140 Choices and Consequences

I had arranged for Brian to wait with Terry and Lee Ann in the hall lounge during our meeting; since nobody outside the Strangers was likely to recognize him, I figured that would be safe. So he was knocking at our door thirty-seconds after I called him.

The room fell silent when he first walked in. Along with him, I studied their faces, seeing hostility, fear, and confusion. I could almost hear them asking, who is this monster who did this to us? He looked at me, uncertain. I nodded, hoping to give him confidence. We’d discussed the first things he would say, but he was pretty much on his own after that.

I watched him take a breath and let it out slowly. “My name is Brian Harlan,” he said. “I’m sorry. I… really didn’t know what was going to happen. And… when we first found out, well, we were ordered to close up and hide. Obviously, it was… it just made things worse.”

Nobody had interrupted him, but the silence was too perfect. Normally, an audience makes some noises: coughing, shifting positions. When they don’t, it means that they are paying extremely close attention. When you’re working from a script, that’s great – you’ve got them really into the show. When you’re trying to keep them from lynching you, that’s a horse of a different color.

“By now, Marsh has told you that you were mistaken about what we did. Thing is, we knew what you thought because of that article, and we didn’t say anything. I don’t know if you would have felt better if we had, but we probably should have tried.”

“So why didn’t you?” somebody snapped. It was one of the boys who had started arguing near the end of my own talk.

Brian flinched slightly, and looked toward both Luke and me before answering, “Because we were being threatened by the administration that they would cut off our funding if we did,” he admitted. “I don’t know, maybe we could have tried to find money elsewhere, but it’s really hard to walk away from years of work like that.”

“So now you’re screwed, huh?” his challenger asked. “Why the change of heart?”

Brian was starting to remind me of the proverbial deer in the headlights. “Um. I don’t want to sound like I’m claiming to be a hero. The truth is, Marsh finding us sort of forced our hand. My advisor called the administration and told them what had happened, and I didn’t like the deal he worked out with them. So… I’m hoping to come up with something better.”

“And you expect us to help you?” a girl sneered.

If there’d been any place to run, I think he might have tried. “I’m just hoping that you’ll see it in your own best interests to go along with the lawsuit that Mr. Steen is planning, and that that’ll work out better for me, as well.”

“They’ve already agreed to the lawsuit,” I reminded him.

“Then just tell me what I can do to make things better,” he pleaded with the crowd. “I know I messed up. I’m still hoping I can find a way to save my thesis–”

“Over our dead bodies,” somebody muttered.

“Um, excuse me?” Ben said from the back, raising his hand timidly and standing up. Everyone had to turn to look at him, which made them face away from Brian. “I know I haven’t exactly been active with this group…”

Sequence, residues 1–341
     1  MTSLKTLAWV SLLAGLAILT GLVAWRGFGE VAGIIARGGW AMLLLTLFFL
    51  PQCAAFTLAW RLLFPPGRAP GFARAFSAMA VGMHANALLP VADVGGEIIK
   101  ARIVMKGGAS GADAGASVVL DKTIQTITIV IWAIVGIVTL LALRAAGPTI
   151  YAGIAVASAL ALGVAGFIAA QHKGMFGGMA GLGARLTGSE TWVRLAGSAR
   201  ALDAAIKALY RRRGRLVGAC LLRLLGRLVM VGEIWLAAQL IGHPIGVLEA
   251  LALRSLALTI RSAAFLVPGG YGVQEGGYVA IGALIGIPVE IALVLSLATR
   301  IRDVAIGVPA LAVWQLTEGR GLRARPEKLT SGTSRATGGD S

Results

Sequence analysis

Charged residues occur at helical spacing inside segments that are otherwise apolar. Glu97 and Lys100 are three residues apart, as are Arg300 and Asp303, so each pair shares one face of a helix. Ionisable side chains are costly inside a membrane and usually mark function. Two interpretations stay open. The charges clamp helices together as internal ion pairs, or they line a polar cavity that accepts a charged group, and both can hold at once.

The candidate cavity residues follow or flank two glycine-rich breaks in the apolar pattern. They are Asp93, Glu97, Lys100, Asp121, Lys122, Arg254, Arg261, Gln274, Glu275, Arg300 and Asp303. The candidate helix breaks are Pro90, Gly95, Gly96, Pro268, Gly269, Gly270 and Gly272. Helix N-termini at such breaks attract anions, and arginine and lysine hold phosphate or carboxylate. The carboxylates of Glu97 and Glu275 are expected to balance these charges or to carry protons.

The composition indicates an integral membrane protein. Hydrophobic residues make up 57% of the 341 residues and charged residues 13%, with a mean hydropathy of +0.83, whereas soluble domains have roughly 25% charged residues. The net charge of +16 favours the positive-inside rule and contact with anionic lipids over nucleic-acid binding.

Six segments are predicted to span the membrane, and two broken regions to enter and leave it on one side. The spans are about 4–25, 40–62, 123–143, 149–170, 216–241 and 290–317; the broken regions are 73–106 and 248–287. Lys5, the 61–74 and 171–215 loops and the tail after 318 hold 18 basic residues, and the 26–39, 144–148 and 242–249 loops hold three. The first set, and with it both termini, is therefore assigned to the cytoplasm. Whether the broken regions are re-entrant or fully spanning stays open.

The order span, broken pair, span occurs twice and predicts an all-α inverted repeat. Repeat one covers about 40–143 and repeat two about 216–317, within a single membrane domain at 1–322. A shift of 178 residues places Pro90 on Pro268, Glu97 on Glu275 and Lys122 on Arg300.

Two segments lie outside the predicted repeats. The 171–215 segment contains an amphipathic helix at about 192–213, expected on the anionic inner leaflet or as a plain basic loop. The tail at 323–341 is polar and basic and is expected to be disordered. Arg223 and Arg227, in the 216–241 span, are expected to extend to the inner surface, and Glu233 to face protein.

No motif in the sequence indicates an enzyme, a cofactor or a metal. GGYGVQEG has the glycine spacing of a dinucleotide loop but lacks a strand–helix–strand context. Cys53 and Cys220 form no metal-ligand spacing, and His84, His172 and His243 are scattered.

Several people assured him that it was OK, that he had had reason to be uncomfortable. As I’d hoped, many of the Strangers seemed to be protective toward him.

“Marsh actually told me… what you guys heard tonight… a few days ago. Um. If it’s true – well, I guess it is true, at least it makes sense and she sort of showed me, well… I was supposed to be this big jock, OK? And she… well, Marsh had it a lot worse and… I felt really bad. Embarrassed, you know? I shouldn’t be showed up by, well…” He wasn’t looking at anybody, but at least he was forcing himself to talk.

“So, I don’t really know who I am. I liked the idea of being the guy I remember being, only… I guess he’s not me. I don’t know if I’m going to like being who I am, but my sister says I used to, and… well, Marsh tried teaching me to the play the guitar like… like I’m supposed to know how, and it did feel almost like my hands knew what they were doing, so anyway… I think we should try. To listen, I mean. And to see if we can be what we used to be, if that’s what we want. This guy messed with us, so I don’t really want to cut him any slack, but if he didn’t do what I thought he did, well, I think he owes us, and I want to know what he plans to do to help.

“I don’t know if I’m making any sense at all, but I think I want to hear what this guy can tell us. Don’t kill him, OK?” His face reddening, he sat down.

I watched the faces of the rest of the Strangers as they turned back to Brian. I’m not saying that they were mollified by any means, but I thought they looked a bit embarrassed over their hostility. The boy who had spoken up earlier certainly sounded calmer. “OK, look,” he told Brian, “we’re not going to assault you or anything, but as Ben says, you owe us. So what are you planning to do?”

“Well,” Brian offered, “did Marsh tell you about our idea to maybe help you guys recover memories?” He got plenty of nods, and hesitated. “Um, well…”